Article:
“The application of the American presidential system in Nigeria has been nothing but a huge failure.We simply cannot afford 36 Houses of Assembly, 36 Cabinets of Commissioners, large number of State Legislators, National Assembly of more than 400 Legislators, thousands of staff for all these offices, over 40 Federal Ministers and numberless staff and assistants”.
By Afe Babalola
For several years an equation that has continued to attract immense debate in Nigeria is the propriety of the continued operation of the Presidential system of government. While some retain the view that there is nothing wrong with the system and the Constitution of the Federal Republic of Nigeria 1999 which has put it in place, and that whatever problems have been noticed relate only to implementation of the provisions of the said Constitution, others have taken the view that the adoption of the system is at the heart of everything wrong with the country. However there is a general agreement that the 1999 Constitution was thrust upon Nigerians. Nigerians did not play any active role in deciding what type of Constitution to adopt. The situation in Nigeria stands in stark contrast to those of Countries such as Australia, Canada and the United States in which their Constitutions can be regarded as true Peoples’ Constitution. I therefore hold the view that a new Constitution is imperative. The solution cannot lie in the implementation of a defective Constitution. As we say in the legal profession, one cannot put something on nothing and expect it to stand.
Therefore a decision must be taken on this all important question as to whether Nigeria can still afford its long overdue experimentation with the Presidential System or whether it is necessary to either jettison it entirely or whether as canvassed by some, bring about some modifications to its current operation with a view to making it more suitable to the realities of Nigeria. If the decision is taken to abandon the Presidential system which system should we adopt? Should we go back to the Parliamentary system which has served the cause of Nigeria well in the past?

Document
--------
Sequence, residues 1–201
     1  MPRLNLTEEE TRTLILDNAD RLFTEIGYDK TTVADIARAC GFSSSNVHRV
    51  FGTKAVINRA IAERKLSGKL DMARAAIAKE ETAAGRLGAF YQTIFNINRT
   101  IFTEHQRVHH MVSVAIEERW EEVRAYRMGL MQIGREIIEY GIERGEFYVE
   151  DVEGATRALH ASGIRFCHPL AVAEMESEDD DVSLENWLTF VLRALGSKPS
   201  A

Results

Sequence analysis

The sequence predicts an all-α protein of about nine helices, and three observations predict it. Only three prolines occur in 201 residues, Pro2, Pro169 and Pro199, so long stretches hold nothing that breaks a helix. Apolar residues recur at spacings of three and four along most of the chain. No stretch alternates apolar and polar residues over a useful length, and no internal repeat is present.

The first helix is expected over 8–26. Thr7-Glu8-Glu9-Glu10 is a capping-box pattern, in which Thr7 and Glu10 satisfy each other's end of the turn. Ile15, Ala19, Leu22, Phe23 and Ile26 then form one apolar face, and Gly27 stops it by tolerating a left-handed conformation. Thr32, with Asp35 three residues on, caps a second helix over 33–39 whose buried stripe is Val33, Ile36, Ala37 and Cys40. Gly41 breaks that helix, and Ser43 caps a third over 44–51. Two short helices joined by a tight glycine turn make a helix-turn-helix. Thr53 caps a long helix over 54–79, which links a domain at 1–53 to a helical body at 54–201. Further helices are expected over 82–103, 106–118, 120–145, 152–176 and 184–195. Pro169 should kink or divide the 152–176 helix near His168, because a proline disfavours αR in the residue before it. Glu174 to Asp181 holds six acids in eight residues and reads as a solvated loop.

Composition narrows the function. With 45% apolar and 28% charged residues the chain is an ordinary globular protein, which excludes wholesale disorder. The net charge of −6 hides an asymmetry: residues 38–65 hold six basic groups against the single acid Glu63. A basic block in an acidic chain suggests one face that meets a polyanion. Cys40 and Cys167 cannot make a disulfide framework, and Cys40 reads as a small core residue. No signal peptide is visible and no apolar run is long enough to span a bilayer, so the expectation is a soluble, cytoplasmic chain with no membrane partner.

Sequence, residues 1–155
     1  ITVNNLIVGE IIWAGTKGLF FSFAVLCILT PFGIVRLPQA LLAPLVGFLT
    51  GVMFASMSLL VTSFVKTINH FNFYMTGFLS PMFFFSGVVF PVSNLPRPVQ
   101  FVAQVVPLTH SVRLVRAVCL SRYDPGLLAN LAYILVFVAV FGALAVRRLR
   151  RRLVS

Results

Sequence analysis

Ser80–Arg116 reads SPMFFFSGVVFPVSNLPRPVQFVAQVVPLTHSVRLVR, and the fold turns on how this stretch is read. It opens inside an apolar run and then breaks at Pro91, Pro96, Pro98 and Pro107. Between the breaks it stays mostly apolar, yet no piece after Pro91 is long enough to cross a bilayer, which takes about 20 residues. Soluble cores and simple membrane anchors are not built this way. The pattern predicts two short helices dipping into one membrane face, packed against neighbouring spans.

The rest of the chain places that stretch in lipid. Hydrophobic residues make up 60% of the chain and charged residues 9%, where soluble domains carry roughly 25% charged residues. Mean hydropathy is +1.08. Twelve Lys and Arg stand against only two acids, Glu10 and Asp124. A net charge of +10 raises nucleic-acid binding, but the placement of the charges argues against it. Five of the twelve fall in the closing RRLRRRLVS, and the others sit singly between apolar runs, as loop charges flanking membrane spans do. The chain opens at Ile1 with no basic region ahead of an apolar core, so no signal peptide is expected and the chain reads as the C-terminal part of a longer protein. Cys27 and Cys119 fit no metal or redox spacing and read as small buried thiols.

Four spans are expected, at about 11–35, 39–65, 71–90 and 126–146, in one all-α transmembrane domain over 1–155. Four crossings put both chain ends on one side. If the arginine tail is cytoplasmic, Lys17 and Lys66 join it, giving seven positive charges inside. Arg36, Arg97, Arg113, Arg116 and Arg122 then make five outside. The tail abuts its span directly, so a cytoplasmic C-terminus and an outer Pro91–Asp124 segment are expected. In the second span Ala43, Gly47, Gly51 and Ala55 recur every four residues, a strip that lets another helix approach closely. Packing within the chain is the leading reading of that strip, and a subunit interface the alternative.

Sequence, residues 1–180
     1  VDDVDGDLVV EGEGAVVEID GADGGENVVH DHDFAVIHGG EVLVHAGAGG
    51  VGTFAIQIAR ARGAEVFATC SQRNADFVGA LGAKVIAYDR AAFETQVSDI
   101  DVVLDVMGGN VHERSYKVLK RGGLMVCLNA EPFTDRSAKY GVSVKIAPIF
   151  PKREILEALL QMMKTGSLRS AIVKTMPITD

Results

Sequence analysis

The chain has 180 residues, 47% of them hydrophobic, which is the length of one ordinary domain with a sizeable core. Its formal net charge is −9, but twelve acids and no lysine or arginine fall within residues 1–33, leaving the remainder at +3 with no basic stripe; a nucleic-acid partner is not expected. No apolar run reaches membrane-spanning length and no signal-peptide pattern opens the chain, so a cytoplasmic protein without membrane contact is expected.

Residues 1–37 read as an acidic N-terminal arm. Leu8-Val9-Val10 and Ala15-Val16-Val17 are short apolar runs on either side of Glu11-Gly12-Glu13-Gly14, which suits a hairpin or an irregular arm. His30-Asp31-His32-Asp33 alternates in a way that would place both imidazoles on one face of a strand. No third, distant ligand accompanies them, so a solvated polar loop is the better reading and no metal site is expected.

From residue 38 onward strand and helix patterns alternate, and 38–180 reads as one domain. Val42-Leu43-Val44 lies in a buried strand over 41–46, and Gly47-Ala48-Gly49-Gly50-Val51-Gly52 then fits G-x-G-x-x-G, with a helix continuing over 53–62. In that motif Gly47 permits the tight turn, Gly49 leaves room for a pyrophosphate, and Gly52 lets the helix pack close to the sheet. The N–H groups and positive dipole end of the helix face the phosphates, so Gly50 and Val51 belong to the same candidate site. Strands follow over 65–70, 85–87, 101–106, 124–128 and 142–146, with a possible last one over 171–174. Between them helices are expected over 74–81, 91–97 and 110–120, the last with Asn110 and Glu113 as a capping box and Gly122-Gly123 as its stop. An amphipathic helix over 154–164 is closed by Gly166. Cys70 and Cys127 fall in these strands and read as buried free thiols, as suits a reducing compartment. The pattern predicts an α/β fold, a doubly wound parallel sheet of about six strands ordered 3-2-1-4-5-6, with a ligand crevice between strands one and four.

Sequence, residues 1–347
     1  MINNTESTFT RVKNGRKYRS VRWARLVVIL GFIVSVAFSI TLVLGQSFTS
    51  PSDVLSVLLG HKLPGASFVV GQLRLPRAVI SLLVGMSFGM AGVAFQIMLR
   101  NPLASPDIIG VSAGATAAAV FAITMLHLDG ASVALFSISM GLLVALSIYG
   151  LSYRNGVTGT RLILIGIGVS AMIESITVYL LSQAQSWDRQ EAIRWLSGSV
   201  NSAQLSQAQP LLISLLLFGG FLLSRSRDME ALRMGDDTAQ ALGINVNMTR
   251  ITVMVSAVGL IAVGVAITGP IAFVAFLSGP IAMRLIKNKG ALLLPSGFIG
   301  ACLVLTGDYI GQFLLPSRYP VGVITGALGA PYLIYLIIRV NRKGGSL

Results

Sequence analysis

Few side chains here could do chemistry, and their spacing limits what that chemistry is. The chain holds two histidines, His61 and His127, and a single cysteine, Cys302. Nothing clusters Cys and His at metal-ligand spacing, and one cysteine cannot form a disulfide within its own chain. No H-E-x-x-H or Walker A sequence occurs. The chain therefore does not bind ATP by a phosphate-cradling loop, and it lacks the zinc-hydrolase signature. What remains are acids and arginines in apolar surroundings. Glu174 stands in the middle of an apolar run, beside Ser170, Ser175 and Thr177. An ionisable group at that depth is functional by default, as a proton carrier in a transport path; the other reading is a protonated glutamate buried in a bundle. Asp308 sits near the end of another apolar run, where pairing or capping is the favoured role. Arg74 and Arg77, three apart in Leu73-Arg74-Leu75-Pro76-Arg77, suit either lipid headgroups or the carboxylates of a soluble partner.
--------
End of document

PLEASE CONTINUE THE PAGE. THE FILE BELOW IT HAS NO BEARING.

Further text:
Inadequacy of the Presidential System of Government
The Presidential system of Government was introduced into Nigeria by the military through the 1979 Constitution. This system of government traditionally has at its head, an executive President who presides over the Federal Government. It is characterized by a bicameral legislature. The Executive and legislative arms of government are normally replicated across the Federating states. In foisting the Presidential system on Nigeria, the military had little regard for the peculiar nature of the country. It has been argued, albeit lamely, that in deciding to jettison the parliamentary system of government put in place by the founding fathers of the country, that the military wanted to avoid a situation in which the two heads of state, one ceremonial and the other executive (as exists in a parliamentary system) would work at logger heads leading to unnecessary ethnic or tribal strife if they hailed from different sections of the country. However events in Nigeria since 1963 continue to show that the decision to adopt the Presidential system was not well thought out.